Here’s the reality that we Christians tend to forget as we try to live with one foot on planet earth, and the other in the kingdom of heaven… we tend to forget that we will stand before our Master one day and give an account for how we used our resources during our lifetime. We all too easily fall right into a short-sighted financial worldview as if a roof over our heads or meeting our needs here in this life is the most important place to invest our money. 


So Jesus calls us to action in verse 9… And I tell you, make friends for yourselves by means of worldly wealth so that when it fails, they may welcome you into eternal dwellings


Not in the same way as the dishonest manager, don’t cheat people or steal from your boss –  but act according to the same future-looking wisdom that the manager did. Use the financial resources you have on this side of heaven to make friends by giving generously and canceling the debts of others…use your money to bring people into the kingdom of God, to further the gospel locally and abroad. And when you get to that place in your life where all the money in the world will fail to keep you alive for one more second, you will be welcomed into heaven by those who benefited from your investments while you were on earth, and you’ll be welcomed by your Heavenly Father who says, “Well done, good and faithful servant.”


[10] Whoever is faithful in very little is also faithful in much, and whoever is unrighteous in very little is also unrighteous in much. [11] So if you have not been faithful with worldly wealth, who will trust you with what is genuine? [12] And if you have not been faithful with what belongs to someone else, who will give you what is your own? 


  1. V10 - Faithfulness is no accident: What a person does with the small things of life one does also in the big things. Faithfulness or dishonesty appears throughout a person’s life (Morris, 267). Faithfulness is intentional obedience no matter what. 
  2. V11 - Earthly wealth is not genuine or true wealth – We’re going to see this in next week’s sermon, but earthly wealth, in terms of dollars and cents (and crypto if you’re into that), is not where true wealth is defined. Jesus said back in Luke 12 that there is earthly treasure, and there is treasure in heaven. There is a “being rich” in terms of bank account, and there is a “being rich” toward God. They are not the same thing.
  3. V12 - Nothing you have is ultimately yours – We are all managers of the resources God has given us. We might see the OT principle of giving our first 10% back to the Lord by giving to the Temple, and we think great…that means God is giving me the other 90% to do whatever I want with it. And NT teaching, like this one, would say, well, not so fast. The reality is that all of it, 100% of your income, belongs to God.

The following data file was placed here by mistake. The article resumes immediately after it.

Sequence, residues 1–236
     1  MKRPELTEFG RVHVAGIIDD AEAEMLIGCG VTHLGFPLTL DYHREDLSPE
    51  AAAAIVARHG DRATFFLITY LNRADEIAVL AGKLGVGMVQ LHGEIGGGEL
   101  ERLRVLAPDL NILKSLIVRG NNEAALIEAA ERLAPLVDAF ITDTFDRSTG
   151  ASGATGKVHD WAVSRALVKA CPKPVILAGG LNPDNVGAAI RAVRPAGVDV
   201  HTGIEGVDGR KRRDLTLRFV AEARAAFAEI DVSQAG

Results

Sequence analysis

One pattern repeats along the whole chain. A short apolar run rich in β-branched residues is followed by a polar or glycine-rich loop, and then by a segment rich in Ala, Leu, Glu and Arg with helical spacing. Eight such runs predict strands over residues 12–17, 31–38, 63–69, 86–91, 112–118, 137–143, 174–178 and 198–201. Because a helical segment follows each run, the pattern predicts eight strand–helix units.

4. You can either be faithful with those resources, or unrighteous


Jesus knows the kind of tug money and stuff can have on our hearts, so he tags this onto the discussion in verse 13: No servant can serve two masters, since either he will hate one and love the other, or he will be devoted to one and despise the other. You cannot serve both God and money." 


The original word that we have translated “money” is the Greek word “mammon”. It speaks to more than just cash – it’s all of your possessions. It’s the worldview behind materialism that says the more I have the better off I’ll be. Materialism is what we call being a slave to our cash and possessions. 


But Jesus himself says here in Luke, it’s not about having money. God isn’t opposed to money. It’s about authority. And there is only one thing or person in your life that has ultimate authority. He uses the language of love and hate – that’s relational. He uses the words devotion and despising – that’s the language of worship. 


This is about what has captured your heart, what you give yourself to. You cannot have multiple entities calling the shots in your life, no matter what they are. One will always win out over the other.  And when it comes to this particular topic, you can most certainly have God and have money – God and cash are not enemies – But God and materialism are. One authority will overpower the other for the devotion of your heart. 


So of course the question is, “How do I know if I’m serving money or God?” Right? That’s what would be nice to know.  I mean, money is nice. It’s helpful. But I love the Lord, and I want to be wise. So how do I know who I’m serving? 


I don’t think it’s any more difficult than this: 

  • God views all of the money and every one of your possessions as his. They are tools he has given you to further his eternal kingdom. He has full and final authority over everything you own, and most of all he wants your heart.
  • Mammon views all of your money and possessions as exactly that: yours. God is the tool to further one's own agenda. The full and final authority at the end of the day is whether or not you will have enough to do what you want to do or be what you want to be or have the lifestyle you want to have.